Slowly but surely, Court Street Grocers is becoming an empire of sandwiches: Owners Eric Finkelstein and Matt Ross opened their fourth location this week, located in the Williamsburg space that formerly housed the much-missed Saltie. The new space is clean and white, decorated with a few items and a menu board of variously colored sheets of paper that, in its mismatched colors, looks charmingly like something out of an elementary-school classroom. In size and scope, it’s more like the Red Hook sandwich shop than the Carroll Gardens original or Greenwich Village lunch counter.
A new location also means a slew of new sandwiches, and for the first time, breakfast tacos to go along with their top-tier breakfast sandwich. Those breakfast tacos are courtesy of Wayne Surber, Court Street’s new chef and a San Antonio native who ran Lonestar Taco for several years. Here, the tacos are served on flour tortillas made fresh to order. There are five fillings, including beef picadillo, and potato, egg, and cheese; all come garnished with salsa, pickles, and herbs. (Surber is otherwise focused on tightening up the ship, but he has also added a grilled cheese to the menu.)
As is the Court Street style, the seven sandwiches are a mix of greatest hits and deep cuts from across the country. These new additions include two kinds of roast beef, one hot and “Brooklyn style,” the other cold and “Boston style.” There’s also a riff on the Midwest’s loose-meat Tavern Sandwich; and New Orleans’s famously delicious muffuletta.
The muffuletta is one of the great sandwiches, and it’s a surprise that the sandwich-obsessed guys at Court Street have never served one before. “The muffuletta was the plan since we opened, but we were never happy with any bread we could get,” says Finkelstein. (Instead, they served an Italian combo with a muffuletta-style olive salad.) “Leading up to this, we were able to come up with something with James Caputo, which is shockingly close to the Leidenheimer bread from New Orleans.” Inside that Caputo Bakery bread is a holy trinity of mortadella, salami, and capicola; a cheesy trio of Pecorino-Romano, mozzarella, and Swiss; olive salad, of course; pickled banana peppers and pickled goat-horn peppers; and red-wine vinaigrette. (À la the Vegitalian, there’s a version made with roasted butternut squash instead of meats.)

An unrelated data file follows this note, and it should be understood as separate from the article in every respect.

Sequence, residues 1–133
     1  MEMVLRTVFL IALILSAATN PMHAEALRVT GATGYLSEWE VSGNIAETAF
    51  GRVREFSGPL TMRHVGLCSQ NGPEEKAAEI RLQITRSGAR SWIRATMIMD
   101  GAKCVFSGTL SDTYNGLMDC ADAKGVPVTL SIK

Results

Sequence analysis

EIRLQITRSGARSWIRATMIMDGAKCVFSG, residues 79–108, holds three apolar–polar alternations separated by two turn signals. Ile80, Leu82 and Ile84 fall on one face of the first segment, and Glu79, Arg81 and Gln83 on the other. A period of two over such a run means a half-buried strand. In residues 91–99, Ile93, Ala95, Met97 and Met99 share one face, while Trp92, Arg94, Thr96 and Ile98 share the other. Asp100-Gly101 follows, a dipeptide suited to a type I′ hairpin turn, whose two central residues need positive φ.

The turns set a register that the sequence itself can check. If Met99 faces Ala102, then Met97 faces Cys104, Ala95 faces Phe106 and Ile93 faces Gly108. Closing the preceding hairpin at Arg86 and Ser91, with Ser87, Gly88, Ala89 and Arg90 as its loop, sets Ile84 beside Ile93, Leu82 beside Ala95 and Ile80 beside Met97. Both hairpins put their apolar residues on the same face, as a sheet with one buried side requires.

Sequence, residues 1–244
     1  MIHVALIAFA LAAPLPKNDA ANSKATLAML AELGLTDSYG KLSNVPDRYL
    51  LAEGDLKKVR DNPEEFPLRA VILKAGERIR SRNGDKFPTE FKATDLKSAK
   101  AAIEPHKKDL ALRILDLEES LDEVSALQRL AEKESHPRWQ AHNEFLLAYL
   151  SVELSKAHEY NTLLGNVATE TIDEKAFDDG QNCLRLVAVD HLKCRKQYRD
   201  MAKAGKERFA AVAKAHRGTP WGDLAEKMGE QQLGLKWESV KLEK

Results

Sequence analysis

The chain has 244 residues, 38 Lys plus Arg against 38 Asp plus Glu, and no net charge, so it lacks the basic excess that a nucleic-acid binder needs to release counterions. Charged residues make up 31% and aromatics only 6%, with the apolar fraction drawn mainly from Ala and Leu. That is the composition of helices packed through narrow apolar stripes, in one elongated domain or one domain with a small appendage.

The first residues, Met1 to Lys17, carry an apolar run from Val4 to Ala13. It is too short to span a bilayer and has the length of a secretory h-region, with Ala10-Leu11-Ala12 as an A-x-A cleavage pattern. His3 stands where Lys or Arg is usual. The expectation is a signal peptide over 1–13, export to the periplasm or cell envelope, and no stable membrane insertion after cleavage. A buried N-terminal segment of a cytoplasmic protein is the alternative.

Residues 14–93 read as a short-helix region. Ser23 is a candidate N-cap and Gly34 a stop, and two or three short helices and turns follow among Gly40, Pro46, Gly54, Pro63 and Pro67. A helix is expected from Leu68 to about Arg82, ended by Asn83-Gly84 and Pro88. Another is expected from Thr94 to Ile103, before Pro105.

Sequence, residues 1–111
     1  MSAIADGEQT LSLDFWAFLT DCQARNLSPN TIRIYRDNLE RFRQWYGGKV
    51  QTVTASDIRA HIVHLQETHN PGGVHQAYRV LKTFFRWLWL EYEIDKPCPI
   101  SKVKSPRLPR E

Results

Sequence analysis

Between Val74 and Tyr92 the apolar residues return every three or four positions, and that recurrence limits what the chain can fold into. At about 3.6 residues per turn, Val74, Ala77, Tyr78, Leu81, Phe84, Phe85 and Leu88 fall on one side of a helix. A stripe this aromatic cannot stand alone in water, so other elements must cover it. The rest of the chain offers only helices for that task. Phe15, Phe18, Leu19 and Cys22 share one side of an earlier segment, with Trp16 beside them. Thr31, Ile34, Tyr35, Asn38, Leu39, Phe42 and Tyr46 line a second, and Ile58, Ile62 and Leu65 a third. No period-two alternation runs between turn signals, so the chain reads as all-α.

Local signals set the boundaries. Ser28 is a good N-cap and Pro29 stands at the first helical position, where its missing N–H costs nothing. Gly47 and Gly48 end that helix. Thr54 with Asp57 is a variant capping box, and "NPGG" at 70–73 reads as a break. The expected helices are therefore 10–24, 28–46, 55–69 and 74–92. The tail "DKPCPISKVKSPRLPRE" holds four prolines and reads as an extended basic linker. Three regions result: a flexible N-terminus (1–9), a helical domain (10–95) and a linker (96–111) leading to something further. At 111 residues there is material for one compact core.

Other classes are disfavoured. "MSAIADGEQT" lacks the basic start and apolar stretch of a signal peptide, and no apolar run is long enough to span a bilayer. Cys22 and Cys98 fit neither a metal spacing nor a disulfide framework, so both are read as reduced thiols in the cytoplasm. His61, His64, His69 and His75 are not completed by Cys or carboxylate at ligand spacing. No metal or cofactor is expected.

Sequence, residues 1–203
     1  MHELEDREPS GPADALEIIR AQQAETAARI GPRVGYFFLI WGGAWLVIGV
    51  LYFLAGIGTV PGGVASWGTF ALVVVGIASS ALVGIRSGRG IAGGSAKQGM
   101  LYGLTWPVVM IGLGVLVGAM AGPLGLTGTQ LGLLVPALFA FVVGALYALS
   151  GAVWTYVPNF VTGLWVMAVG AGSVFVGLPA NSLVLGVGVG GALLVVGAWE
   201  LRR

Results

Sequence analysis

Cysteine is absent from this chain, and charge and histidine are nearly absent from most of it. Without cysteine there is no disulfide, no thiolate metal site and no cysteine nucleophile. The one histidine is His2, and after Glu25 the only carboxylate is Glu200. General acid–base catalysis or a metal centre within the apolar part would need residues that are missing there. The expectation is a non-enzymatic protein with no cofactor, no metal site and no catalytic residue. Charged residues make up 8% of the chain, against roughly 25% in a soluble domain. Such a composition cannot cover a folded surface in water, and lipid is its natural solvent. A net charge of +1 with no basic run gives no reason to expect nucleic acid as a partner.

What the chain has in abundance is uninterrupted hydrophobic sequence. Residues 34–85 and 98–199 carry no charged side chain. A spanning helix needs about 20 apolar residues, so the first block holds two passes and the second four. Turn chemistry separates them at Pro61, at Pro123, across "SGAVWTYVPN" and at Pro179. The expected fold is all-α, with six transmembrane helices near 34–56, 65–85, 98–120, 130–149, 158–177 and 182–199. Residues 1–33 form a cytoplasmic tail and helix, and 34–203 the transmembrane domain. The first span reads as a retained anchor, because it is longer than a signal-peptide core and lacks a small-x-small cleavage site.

Also, look out for the Jersey Sloppy Joe, a cold deli-meat sandwich from the Garden State. This one is a triple-decker served on rye, as is traditional, with corned beef, roast turkey breast, coleslaw, Swiss cheese, butter, and their Comeback sauce.
The Tavern Sandwich is typically made with steamed ground beef, but Surber instead braises beef trimmings. The version here is a riff they call the Taverna Smyrna, served on a Martin’s potato roll with American cheese, caramelized onion, sweet pickles, and yellow mustard.
Next up is the “Brooklyn style” roast beef, a term that can mean a few things. Are we talking Brennan & Carr’s? The quirky, mid-century trip Roll-n-Roaster? Or Gravesend institution John’s Deli? In this case, Team Court Street takes cues from both Brennan & Carr’s and Roll-n-Roaster. The roast beef gets dipped into beef jus and covered in Jasper Hill cheese sauce and caramelized onion. The bread, too, is from another Brooklyn classic, in this case an onion roll from Caputo’s.
Is there something about cities that begin with B and great roast-beef sandwiches? Boston, too, is famous for its version. (Pictured at the top of the post.) Over the last few years, Finkelstein regularly made trips to the city and found himself eating at places like Zeno’s, Nick’s, and Roast Beast. This one is cold, the beef doesn’t get dipped in jus, and the toppings are their house Catskills sauce, horseradish sauce, and crispy onion. One thing’s the same: It comes on the onion roll.
Meatloaf: It’s as American as apple pie or, let’s get into the 21st century people, General Tso’s chicken. Pork and meatloaf gets stuffed between ciabatta, then dressed with cheese sauce, sweet pickle, and dill-pickled white onion.
Also on the docket are the breakfast tacos — and you’ll see them below, in order: beef picadillo, egg and chorizo, egg and potato, and egg and cheese.
Court Street Grocers, 378 Metropolitan Ave., nr. Havemeyer St.; 718-384-4218